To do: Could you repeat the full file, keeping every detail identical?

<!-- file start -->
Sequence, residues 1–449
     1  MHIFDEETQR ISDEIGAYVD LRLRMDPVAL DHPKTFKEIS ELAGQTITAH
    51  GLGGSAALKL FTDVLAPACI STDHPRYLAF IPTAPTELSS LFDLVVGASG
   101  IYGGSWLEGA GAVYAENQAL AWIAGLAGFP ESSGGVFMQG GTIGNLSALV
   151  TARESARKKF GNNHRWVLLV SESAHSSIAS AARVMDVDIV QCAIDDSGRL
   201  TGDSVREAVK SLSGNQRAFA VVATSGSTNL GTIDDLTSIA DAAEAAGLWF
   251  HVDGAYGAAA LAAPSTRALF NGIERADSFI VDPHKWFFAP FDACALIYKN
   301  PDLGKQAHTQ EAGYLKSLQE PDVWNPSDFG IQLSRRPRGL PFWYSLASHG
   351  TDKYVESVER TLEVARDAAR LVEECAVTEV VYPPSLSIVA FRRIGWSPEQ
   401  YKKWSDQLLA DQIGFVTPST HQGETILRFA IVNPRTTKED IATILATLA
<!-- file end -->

Sequence, residues 1–449
     1  MHIFDEETQR ISDEIGAYVD LRLRMDPVAL DHPKTFKEIS ELAGQTITAH
    51  GLGGSAALKL FTDVLAPACI STDHPRYLAF IPTAPTELSS LFDLVVGASG
   101  IYGGSWLEGA GAVYAENQAL AWIAGLAGFP ESSGGVFMQG GTIGNLSALV
   151  TARESARKKF GNNHRWVLLV SESAHSSIAS AARVMDVDIV QCAIDDSGRL
   201  TGDSVREAVK SLSGNQRAFA VVATSGSTNL GTIDDLTSIA DAAEAAGLWF
   251  HVDGAYGAAA LAAPSTRALF NGIERADSFI VDPHKWFFAP FDACALIYKN
   301  PDLGKQAHTQ EAGYLKSLQE PDVWNPSDFG IQLSRRPRGL PFWYSLASHG
   351  TDKYVESVER TLEVARDAAR LVEECAVTEV VYPPSLSIVA FRRIGWSPEQ
   401  YKKWSDQLLA DQIGFVTPST HQGETILRFA IVNPRTTKED IATILATLA